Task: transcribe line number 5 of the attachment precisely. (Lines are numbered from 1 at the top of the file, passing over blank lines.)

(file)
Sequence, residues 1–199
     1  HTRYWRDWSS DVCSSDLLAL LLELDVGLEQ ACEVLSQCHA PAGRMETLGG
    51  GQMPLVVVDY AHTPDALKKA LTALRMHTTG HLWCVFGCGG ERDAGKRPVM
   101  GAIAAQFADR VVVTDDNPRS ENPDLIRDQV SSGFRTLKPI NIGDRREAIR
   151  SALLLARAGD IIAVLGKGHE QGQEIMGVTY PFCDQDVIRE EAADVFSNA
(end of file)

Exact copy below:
   151  SALLLARAGD IIAVLGKGHE QGQEIMGVTY PFCDQDVIRE EAADVFSNA